So therein for me lies the problem: Two similar, unrelated incidents in the same race and two completely different decisions. And that’s what concerns me the most, because it starts to border on the farcical, and that’s not good for the sport at all. Sunday’s race was a prime example of what NASCAR deserved to get with this new playoff format. The pressures on each of the Chase drivers in these small, sample size segments make for desperate decisions and courses of action that might not happen in the regular season. In its desire for a winner-take-all final race, there were always going to be consequences. And those consequences came home to roost in a style that did no one any favors – least of all the powers that be.

In the time I’ve been following NASCAR I’ve had maybe a handful of moments when I’ve considered jacking it in and doing something else on Sunday afternoons. I’ve spent thousands of hours writing columns, speaking on radio shows and generally evangelizing a sport I’ve come to deeply love. But I have to be honest: Over the last couple days I very seriously considered giving it up. If the governing body is going to disregard context and consistency, instead setting dangerous precedents that it’ll now have to enforce, I’m not sure I want to be a part of it all anymore. And I know I’m not alone in thinking that. Decisions that have elements of farce turn fans away, and let’s be fair, that’s not something NASCAR can afford to do right now.

I hope this decision doesn’t come back to haunt the sport, but I can’t help but feel it just might.

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About Danny Peters

Avatar
Danny starts his 12th year with Frontstretch in 2018, writing the Tuesday signature column 5 Points To Ponder. An English transplant living in San Francisco, by way of New York City, he’s had an award-winning marketing career with some of the biggest companies sponsoring sports. Working with racers all over the country, his freelance writing has even reached outside the world of racing to include movie screenplays.

19 comments

  1. Avatar

    ….and for 1 speech Ricky Craven gave about “driver code” every one else of his peers lambasted Matt’s move and wanted Nascar to send a harsh message. Regardless of who you like or dislike, I am hard pressed to see so many see it as the same occurrence. If Matty did his mental relapse on Junior the tide would turn 2000 degress against Matt. Also given this format and the expense of cars drivers do not own, that payback bs. was just that bs. Driver code is fine for the guy who isn’t involved, as soon it happen to them that “code” is flushed down the toilet. Oh please. The campaign waged by the Old Bitties Club is in full swing, and the propaganda by most accounts has been a smashing success.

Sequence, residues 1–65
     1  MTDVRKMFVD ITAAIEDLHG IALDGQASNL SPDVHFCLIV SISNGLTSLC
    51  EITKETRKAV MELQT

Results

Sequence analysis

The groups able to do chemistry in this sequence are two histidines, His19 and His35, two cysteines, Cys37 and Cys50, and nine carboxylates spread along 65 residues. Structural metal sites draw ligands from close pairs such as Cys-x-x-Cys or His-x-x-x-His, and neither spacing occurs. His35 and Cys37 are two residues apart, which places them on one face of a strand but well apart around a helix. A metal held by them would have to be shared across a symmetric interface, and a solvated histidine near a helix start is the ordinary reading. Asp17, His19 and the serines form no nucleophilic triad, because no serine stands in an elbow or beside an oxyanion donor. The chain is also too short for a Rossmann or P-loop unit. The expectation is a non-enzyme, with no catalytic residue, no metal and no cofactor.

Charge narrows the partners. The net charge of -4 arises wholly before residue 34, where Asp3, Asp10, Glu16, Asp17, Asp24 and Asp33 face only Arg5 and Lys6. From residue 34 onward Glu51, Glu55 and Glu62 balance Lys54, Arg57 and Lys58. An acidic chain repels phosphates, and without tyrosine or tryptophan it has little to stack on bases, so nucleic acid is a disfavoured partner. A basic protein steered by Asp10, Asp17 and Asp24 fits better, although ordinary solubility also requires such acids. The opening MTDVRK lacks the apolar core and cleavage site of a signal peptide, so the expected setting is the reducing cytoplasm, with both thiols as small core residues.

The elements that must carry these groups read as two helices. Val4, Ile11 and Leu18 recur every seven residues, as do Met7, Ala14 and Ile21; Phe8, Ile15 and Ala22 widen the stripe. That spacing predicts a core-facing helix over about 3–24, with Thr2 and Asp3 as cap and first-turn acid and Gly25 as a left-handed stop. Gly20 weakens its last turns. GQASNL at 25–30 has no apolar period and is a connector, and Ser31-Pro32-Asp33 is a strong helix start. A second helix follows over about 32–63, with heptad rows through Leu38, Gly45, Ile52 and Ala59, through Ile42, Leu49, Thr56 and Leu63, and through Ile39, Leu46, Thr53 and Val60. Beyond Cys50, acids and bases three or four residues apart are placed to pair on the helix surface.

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      The lunatics are running the asylum. And they shouldn’t be.

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      Junior would have been smart enough to apologize immediately and wouldn’t have had any smugness to him. Your precious Joey isn’t that smart.

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      I respect that Craven is calling out Nascar… most members of the media don’t have the guts to that. Unfortunately, that doesn’t make him right.

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      KB, You would never see Matt doing that to Junior becauses Junior races people clean. When he does cause something he always steps up and takes the blame. When have you ever heard Joey take the blame for anything? Maybe someday Joey will grow up learn the meaning of RESPECT. But that may never happen if Nascar keeps closing their eyes to the real Joey Lagano, but then they are maybe afraid that his dad will come after them.

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        There are so many things wrong with that statement. Dale Sr was worshiped for doing things that Logano did to Kenseth at Kansas and never apologized for any of it. And he did it often. Now Logano has no “respect” for people because he did it?

        Its obvious you’re on the Earnhardt fan club and can’t see the hypocrisy of your statement. Like I have said from the beginning, remove the driver names and sponsors and most people would say it was a racing incident. But because of who and what is involved, people lose their critical thinking skills in a hurry.

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      Ya Craven’s peers.Jarrett, McReynolds and Petty. A bunch of PC hypocrites paid to toe the nascar line. Please stop your whining.

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    What if? What if NASCAR had RULES? And what if those rules didn’t change week to week? And what if NASCAR enforced those rules? What? NO I’m not on drugs. And yes I know none of that ever has or ever will happen.

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    The one thing that amazes me about this whole situation is that opinions have varied drastically among very well respected people in the sport.